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How is this complex called/does anyone else suffer from this?


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#1 Sock5   Members   -  Reputation: 162

Posted 16 October 2013 - 06:55 PM

Ok it's like I feel like an insect.I don't know if I really was or wasn't gifted as a child.I'm smarter than most my peers, but I don't really feel exceptional and YET from a young age everyone - parents, teachers, peers kept telling me that I was an absolute genius, gifted, etc.They kept saying that I'm gonna be great, that I'm a sponge that absorbs information, that I'm a living computer?!And yet I never had any achievements, there was never a reason for them to be impressed.I have 0 achievements.But all this changed me in a bad way.It's like I assumed I'm smart and destined to be successful, so I never put any effort in anything.By the age of 19 I couldn't solve a quadratic equation.I only speak 3 languages(unlike actual prodigies who speak 20-40).But my ego is damaged from the childhood of falsely being called a genius...and now I feel like I'm being crushed every time I read about an actual prodigy.Like this guy:
http://en.wikipedia.org/wiki/William_James_Sidis 

Reading about this guy I have the impression that compared to him the guy from the movie "Limitless" is a retard...and compared to the guy in the movie "Limitless" I am a retard...yeah it's not a really good feeling.It's like I was lied to.I mean when I think about it it's almost INSANE.Every day all sorts of people would compliment me on my intelligence and I had NO achievements whatsoever.No skills, no nothing.My only skill is that I have supreme cognitive empathy - I can almost read peoples minds by the smallest signs of body language, change of tone or facial expressions that most people wouldn't even recognize.I've always had this skill.But it's pretty much useless.The only intelligence type I respect is the mathematical/logical one and it's the one I'm lacking in.I learned all of high school math in 3 weeks(which Sidis would have learned in 1 day) and vector calculus in about 30 hours(which he would learn just by knowing the basics of calculus and vectors and deriving the rest on  his own) in order to get into a university with programming and here's what I noticed there:

A lot of people who study something related to tech have the tendency to base their worth on their intellectual abilities and react negatively when proven inferior.

How do you guys feel about this?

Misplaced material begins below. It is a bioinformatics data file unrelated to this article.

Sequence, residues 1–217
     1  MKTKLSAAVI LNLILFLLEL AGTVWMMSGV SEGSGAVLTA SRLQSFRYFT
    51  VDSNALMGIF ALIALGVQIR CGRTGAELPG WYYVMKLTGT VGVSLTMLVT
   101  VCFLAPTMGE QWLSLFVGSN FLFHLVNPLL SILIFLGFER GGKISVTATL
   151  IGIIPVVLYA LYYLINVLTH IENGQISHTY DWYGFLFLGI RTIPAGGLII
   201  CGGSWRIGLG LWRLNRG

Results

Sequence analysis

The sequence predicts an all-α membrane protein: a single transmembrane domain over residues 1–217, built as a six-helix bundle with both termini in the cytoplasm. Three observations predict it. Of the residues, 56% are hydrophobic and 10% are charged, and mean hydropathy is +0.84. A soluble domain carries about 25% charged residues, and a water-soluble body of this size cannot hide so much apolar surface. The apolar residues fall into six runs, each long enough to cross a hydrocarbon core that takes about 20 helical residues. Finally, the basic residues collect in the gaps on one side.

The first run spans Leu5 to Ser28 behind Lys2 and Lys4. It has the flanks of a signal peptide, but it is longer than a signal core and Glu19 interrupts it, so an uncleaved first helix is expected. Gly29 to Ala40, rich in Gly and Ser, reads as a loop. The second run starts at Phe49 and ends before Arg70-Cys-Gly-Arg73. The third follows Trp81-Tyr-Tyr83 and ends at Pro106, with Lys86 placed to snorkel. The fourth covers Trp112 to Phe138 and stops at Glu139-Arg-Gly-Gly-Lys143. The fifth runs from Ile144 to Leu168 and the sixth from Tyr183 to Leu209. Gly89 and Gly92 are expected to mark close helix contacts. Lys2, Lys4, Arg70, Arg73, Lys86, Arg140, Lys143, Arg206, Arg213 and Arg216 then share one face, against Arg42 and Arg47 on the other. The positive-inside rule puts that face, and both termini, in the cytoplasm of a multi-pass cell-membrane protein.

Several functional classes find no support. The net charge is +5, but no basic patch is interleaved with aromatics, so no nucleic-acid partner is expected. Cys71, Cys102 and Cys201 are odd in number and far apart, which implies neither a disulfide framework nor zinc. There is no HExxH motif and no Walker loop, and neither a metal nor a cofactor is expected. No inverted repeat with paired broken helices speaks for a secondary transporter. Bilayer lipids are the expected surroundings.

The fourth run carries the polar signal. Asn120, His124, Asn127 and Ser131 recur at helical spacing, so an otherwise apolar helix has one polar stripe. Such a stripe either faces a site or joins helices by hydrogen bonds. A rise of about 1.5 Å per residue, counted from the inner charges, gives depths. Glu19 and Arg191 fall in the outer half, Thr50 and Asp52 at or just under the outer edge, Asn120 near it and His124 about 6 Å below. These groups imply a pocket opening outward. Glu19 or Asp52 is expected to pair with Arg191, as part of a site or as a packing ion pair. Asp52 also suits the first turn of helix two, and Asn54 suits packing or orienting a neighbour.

>removed<


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#2 ChaosEngine   Crossbones+   -  Reputation: 2509

Posted 16 October 2013 - 07:31 PM

First, knowing 3 languages is not a bad achievement.

Second, there's always someone better.

Well not always, but for 99.99999% of the population, you will find someone better than you at whatever it is you.

 

If you constantly compare yourself to others, you will spend your life depressed and unhappy. 

Instead, use them as an inspiration, a goal to strive towards, while at the same time accepting that there are some things you will just never be able to do. That's no reason not to try anyway.

 

Time for some bad news. Your parents, teachers and peers have messed up your world view. They have skewed your work ethic towards tasks you find easy. 

Hard work and perseverance are more important than talent. There's every chance you're not a genius, but merely above average. Deal with it. 

 

 

And now I will reveal how you get good at whatever it is you really want to do....

 

Work at it.

 

Practice till your fingers bleed. Write code until you can't even think straight. It takes 10000 hours to master a skill.

 

Best get started.


if you think programming is like sex, you probably haven't done much of either.-------------- - capn_midnight

#3 LennyLen   Crossbones+   -  Reputation: 4036

Posted 16 October 2013 - 10:37 PM


Time for some bad news. Your parents, teachers and peers have messed up your world view. They have skewed your work ethic towards tasks you find easy. 
Hard work and perseverance are more important than talent.

 

Agreed.  I had a similar thing happen to me with high-school.  I received the top result in the entrance exam and so was pretty much left to do as I pleased.  I pretty much memorized the entire years worth of text books in the first month or so and never bothered studying after that.  Work I didn't like I simply didn't do and the teachers didn't care because I was getting better results than the other students in my class.

 

This worked out well for high-school, and I managed to get through the first year of university in the same manner, and then second year came along.  Their was simply far too much course material for me to memorize and their were constant assessments that HAD to be done.  I had no idea how to study, and no experience at making myself sit down and work at something on demand.  Needless to say I failed that year very badly.

 

So no matter how smart you are, eventually you're going to know how to work for things and if you don't learn that skill when you're young enough to, it can have severe consequences.



#4 sunandshadow   Moderators   -  Reputation: 5073

Posted 16 October 2013 - 10:55 PM

Being really good at reading body language is supposedly good for playing poker, being a psychotherapist, and/or being a pick-up artist.  If you can imitate it as well as read it, that's great for acting; if you can draw it, that's great for drawing portraits and comics.